However, this would only be the case if your gains exceeded your CGT allowance, which stands at £6,000 for the 2023/24 tax year but will drop to £3,000 from 6 April 2024. 

You won’t usually need to pay tax on gifts to your spouse, civil partner or a charity. You also won’t need to pay GCT on certain assets, including any gains you make from:

  • ISAs and PEPs

  • UK government gilts or Premium Bonds

  • Betting, lottery or pool winnings

The amount of CGT due on stocks and shares will depend on your tax bracket. To calculate how much is due, you add your gains to your income – if the total falls within the basic rate tax band, you pay 10%. If it falls within the higher rate tax band, you pay 20%.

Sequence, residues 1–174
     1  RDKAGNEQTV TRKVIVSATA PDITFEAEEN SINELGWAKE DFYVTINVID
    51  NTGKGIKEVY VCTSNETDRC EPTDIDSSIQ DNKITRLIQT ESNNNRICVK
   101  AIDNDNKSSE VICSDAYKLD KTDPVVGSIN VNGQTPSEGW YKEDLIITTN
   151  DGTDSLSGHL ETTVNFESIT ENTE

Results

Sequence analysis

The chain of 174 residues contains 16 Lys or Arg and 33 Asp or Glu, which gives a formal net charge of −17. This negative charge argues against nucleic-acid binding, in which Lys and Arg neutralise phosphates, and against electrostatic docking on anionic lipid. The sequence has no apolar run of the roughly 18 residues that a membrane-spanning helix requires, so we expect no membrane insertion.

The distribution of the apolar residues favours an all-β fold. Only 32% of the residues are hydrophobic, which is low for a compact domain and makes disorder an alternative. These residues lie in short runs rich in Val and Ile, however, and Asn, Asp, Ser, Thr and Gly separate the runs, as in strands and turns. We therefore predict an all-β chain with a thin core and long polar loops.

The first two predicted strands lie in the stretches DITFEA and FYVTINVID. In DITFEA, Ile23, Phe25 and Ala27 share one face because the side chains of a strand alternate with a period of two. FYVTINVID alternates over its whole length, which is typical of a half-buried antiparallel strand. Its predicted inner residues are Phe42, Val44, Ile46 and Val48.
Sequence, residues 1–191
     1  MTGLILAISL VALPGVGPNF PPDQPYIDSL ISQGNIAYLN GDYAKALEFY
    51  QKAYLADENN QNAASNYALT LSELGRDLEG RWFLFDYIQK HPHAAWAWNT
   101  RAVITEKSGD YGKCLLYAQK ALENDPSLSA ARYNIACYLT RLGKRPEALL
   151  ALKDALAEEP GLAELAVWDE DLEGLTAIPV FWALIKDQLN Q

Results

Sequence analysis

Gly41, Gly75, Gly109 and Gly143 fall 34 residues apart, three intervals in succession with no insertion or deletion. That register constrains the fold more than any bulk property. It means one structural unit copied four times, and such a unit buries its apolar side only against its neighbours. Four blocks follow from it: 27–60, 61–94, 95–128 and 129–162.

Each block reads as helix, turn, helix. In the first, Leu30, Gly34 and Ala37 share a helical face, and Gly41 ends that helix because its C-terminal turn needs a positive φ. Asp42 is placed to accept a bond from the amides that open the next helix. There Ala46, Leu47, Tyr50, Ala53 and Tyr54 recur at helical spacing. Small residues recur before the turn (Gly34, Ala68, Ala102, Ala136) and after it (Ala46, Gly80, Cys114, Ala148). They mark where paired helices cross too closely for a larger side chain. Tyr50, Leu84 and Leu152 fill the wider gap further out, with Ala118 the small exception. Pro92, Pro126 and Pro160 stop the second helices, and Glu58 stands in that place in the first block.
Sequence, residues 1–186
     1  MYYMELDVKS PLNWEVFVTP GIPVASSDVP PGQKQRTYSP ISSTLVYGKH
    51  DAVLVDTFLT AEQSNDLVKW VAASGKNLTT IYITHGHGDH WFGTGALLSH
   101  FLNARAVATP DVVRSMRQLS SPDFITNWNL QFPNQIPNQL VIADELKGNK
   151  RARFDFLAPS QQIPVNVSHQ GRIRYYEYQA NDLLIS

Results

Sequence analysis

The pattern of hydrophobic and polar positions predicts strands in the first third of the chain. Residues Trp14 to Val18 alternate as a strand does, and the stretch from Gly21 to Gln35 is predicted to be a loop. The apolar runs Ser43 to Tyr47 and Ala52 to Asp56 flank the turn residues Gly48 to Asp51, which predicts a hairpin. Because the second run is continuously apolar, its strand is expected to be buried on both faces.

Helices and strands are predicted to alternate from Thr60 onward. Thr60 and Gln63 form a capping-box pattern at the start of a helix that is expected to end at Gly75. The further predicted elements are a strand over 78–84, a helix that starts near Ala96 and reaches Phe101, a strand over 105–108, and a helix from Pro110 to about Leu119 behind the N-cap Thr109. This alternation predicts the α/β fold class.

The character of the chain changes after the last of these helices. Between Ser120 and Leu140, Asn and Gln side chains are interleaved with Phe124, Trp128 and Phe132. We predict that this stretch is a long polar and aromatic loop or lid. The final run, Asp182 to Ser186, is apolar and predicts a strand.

Stamp duty on shares

When you buy shares, you may have to pay stamp duty, which is calculated differently depending on how you buy your shares. 

If you use a stock transfer form, also known as a paper transfer form, and the transaction is over £1,000, you’ll pay stamp duty at a rate of 0.5% (rounded up to the nearest £5). You must send a copy of your stock transfer form to the Stamp Office within 30 days of it being signed and dated. 

If you buy your shares electronically through the computerised register of shares and shareowners system (CREST), you’ll pay Stamp Duty Reserve Tax (SDRT). It is charged at 0.5% and automatically deducted when you buy the shares. 

You must also pay SDRT if you buy shares outside CREST, known as ‘off market’ transactions.

How to pay tax on savings and investments

The way you pay tax on savings and investments will depend on how you usually pay tax.